Conformal transformations are used in order to analyze the structure of a given spacetime. One can map a formally infinite spacetime to a compact interval, and study its properties there. This process is referred to as "conformal compactification", and enables one to draw Penrose diagrams. They serve to identify and classify horizons, infinities and singularities and are popular for various spacetimes such as Minkowski space and Schwarzschild black holes.
For example, Minkowski space, given by
can be conformally compactified by a change of coordinates from $(r,t)$ to $(u,v)$ by the transformations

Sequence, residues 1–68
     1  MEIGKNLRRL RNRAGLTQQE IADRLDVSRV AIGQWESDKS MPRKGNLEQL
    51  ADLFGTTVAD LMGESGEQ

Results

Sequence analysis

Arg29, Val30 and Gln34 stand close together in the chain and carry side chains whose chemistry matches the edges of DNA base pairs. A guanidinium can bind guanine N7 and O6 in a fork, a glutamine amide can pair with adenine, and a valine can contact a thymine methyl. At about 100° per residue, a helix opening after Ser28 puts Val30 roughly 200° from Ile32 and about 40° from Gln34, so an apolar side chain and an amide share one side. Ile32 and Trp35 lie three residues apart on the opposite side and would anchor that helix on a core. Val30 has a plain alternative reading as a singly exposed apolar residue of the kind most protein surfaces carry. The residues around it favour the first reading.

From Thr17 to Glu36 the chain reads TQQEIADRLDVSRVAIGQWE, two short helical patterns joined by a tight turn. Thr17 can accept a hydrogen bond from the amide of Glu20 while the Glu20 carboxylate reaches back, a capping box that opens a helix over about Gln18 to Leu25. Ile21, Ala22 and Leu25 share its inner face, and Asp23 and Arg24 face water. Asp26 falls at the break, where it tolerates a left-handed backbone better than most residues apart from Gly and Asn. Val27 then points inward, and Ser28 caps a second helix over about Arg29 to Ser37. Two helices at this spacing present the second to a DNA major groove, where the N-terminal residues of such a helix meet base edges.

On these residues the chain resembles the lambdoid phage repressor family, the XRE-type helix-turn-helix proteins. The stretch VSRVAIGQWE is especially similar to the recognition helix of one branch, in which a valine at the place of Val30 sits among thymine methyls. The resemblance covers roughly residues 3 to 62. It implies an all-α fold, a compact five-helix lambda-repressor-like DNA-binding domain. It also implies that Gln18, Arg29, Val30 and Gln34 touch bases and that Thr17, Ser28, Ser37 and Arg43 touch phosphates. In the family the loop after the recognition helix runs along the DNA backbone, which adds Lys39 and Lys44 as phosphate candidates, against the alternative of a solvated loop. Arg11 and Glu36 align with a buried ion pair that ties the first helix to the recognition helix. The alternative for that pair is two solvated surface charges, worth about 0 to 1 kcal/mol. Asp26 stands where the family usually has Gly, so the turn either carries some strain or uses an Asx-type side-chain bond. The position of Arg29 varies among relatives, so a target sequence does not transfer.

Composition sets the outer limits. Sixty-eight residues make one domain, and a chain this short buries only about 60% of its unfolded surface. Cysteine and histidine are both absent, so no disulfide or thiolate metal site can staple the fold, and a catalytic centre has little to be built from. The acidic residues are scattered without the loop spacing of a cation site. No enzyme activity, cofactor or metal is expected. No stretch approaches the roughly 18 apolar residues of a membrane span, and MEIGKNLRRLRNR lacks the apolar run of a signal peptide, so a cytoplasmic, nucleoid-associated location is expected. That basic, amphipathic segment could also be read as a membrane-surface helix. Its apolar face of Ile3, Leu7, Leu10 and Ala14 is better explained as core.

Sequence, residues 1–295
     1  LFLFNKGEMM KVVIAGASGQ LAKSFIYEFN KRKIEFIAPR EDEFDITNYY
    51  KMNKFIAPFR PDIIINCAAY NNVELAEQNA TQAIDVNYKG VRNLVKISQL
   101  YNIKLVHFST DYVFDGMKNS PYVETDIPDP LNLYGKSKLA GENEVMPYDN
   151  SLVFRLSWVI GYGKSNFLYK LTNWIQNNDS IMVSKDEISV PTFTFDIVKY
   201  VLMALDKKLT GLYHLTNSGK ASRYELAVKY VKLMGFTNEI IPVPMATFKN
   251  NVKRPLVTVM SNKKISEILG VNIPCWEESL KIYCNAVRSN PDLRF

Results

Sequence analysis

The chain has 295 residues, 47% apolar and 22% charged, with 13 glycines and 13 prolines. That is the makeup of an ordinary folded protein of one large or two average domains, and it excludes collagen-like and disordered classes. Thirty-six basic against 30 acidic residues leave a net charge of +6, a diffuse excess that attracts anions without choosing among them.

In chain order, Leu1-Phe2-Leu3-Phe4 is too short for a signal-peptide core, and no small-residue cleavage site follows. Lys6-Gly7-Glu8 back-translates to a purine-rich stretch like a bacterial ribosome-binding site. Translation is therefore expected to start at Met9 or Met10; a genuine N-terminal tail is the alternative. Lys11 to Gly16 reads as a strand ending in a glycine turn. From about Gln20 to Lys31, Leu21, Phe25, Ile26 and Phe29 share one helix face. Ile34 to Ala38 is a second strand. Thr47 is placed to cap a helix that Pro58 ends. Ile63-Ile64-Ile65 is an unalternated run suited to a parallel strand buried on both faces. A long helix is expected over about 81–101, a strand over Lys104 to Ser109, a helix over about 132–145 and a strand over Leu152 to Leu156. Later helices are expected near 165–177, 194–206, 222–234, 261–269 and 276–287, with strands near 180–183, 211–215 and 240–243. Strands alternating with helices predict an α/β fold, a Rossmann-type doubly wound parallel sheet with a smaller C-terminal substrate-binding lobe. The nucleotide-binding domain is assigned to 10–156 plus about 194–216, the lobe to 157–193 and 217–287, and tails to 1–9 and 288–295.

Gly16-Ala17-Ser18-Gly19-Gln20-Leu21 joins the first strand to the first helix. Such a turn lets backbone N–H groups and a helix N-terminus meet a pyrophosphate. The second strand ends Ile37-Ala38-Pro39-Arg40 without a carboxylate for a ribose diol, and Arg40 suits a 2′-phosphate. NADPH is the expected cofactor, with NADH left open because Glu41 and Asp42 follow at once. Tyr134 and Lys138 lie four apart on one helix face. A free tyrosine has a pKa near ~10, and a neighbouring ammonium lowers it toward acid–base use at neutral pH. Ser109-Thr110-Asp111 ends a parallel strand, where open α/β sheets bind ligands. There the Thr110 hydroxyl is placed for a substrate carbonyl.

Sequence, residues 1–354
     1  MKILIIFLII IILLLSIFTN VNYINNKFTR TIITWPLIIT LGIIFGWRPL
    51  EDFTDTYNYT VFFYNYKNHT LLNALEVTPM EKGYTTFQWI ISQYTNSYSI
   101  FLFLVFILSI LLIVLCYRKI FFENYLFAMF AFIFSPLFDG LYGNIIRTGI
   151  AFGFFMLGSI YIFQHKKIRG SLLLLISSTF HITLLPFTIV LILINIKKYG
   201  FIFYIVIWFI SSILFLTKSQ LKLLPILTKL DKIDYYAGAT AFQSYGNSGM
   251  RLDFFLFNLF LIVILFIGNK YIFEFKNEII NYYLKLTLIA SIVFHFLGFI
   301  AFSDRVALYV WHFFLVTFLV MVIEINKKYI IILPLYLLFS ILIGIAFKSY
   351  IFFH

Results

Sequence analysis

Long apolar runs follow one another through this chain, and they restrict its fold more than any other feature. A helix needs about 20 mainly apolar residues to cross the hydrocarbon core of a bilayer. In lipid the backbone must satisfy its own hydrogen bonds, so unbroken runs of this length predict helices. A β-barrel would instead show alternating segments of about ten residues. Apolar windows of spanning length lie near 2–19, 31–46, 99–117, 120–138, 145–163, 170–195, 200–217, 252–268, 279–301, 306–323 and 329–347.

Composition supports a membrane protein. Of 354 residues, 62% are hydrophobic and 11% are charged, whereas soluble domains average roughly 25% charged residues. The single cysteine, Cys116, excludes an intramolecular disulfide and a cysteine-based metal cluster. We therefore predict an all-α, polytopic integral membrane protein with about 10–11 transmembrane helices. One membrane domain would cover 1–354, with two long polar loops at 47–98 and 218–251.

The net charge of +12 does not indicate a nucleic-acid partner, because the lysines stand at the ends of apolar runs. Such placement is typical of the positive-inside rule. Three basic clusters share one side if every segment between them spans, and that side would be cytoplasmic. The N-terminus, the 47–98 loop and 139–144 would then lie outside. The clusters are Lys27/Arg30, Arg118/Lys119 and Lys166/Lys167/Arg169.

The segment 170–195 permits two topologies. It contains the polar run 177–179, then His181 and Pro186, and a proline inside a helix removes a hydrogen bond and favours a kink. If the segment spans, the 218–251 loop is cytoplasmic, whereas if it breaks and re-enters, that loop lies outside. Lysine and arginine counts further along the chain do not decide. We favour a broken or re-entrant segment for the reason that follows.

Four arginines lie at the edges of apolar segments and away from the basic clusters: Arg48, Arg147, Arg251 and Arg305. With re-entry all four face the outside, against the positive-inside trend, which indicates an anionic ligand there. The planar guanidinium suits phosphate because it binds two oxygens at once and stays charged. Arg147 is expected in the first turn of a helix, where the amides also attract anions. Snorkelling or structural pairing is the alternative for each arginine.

which leads to
Due to the nature of the $\arctan$ function, the coordinates will now take on values on the interval $(-\pi/2,\pi/2)$ and are hence compact.
Another part of GR where conformal invariance plays a role regards curvature: the traceless part of the Riemann tensor, i.e. the Weyl tensor, is conformally invariant.
Further applications of conformal invariance related to general relativity include string theory, which is conformally invariant on the string worldsheet, and the AdS/CFT correspondence, where a string theory on a 5-dimensional AdS space is equivalent to a 4-dimensional (supersymmetric) conformal field theory. In certain coupling limits of this duality, the string theory part reduces to supergravity, which again reproduces standard general relativity once one breaks supersymmetry. Such models are used for example to describe duals of QCD-like theories within holography.